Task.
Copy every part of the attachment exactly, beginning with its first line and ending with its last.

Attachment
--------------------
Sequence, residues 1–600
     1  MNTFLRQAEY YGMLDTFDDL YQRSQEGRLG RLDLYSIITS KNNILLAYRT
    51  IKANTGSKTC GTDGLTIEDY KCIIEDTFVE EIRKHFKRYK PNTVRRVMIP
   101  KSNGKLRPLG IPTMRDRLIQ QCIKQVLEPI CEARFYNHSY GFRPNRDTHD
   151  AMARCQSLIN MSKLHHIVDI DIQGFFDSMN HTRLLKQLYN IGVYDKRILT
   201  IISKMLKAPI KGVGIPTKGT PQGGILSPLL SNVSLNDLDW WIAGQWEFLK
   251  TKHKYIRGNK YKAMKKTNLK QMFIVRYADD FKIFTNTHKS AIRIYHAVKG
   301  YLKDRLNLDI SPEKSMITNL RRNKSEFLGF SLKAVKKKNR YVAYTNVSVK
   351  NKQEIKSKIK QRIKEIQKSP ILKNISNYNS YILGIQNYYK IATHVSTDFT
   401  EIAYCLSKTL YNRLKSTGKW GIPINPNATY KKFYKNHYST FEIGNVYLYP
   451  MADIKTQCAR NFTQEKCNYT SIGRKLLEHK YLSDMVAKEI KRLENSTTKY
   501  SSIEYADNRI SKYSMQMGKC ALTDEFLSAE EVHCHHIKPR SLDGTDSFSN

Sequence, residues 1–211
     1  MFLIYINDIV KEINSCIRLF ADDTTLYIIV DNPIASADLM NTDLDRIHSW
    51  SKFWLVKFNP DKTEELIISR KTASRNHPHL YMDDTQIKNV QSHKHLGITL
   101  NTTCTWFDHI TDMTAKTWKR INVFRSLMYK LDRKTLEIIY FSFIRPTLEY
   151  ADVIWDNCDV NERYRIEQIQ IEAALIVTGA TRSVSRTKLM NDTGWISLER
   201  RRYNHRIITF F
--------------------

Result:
Sequence, residues 1–600
     1  MNTFLRQAEY YGMLDTFDDL YQRSQEGRLG RLDLYSIITS KNNILLAYRT
    51  IKANTGSKTC GTDGLTIEDY KCIIEDTFVE EIRKHFKRYK PNTVRRVMIP
   101  KSNGKLRPLG IPTMRDRLIQ QCIKQVLEPI CEARFYNHSY GFRPNRDTHD
   151  AMARCQSLIN MSKLHHIVDI DIQGFFDSMN HTRLLKQLYN IGVYDKRILT
   201  IISKMLKAPI KGVGIPTKGT PQGGILSPLL SNVSLNDLDW WIAGQWEFLK
   251  TKHKYIRGNK YKAMKKTNLK QMFIVRYADD FKIFTNTHKS AIRIYHAVKG
   301  YLKDRLNLDI SPEKSMITNL RRNKSEFLGF SLKAVKKKNR YVAYTNVSVK
   351  NKQEIKSKIK QRIKEIQKSP ILKNISNYNS YILGIQNYYK IATHVSTDFT
   401  EIAYCLSKTL YNRLKSTGKW GIPINPNATY KKFYKNHYST FEIGNVYLYP
   451  MADIKTQCAR NFTQEKCNYT SIGRKLLEHK YLSDMVAKEI KRLENSTTKY
   501  SSIEYADNRI SKYSMQMGKC ALTDEFLSAE EVHCHHIKPR SLDGTDSFSN

Sequence, residues 1–211
     1  MFLIYINDIV KEINSCIRLF ADDTTLYIIV DNPIASADLM NTDLDRIHSW
    51  SKFWLVKFNP DKTEELIISR KTASRNHPHL YMDDTQIKNV QSHKHLGITL
   101  NTTCTWFDHI TDMTAKTWKR INVFRSLMYK LDRKTLEIIY FSFIRPTLEY
   151  ADVIWDNCDV NERYRIEQIQ IEAALIVTGA TRSVSRTKLM NDTGWISLER
   201  RRYNHRIITF F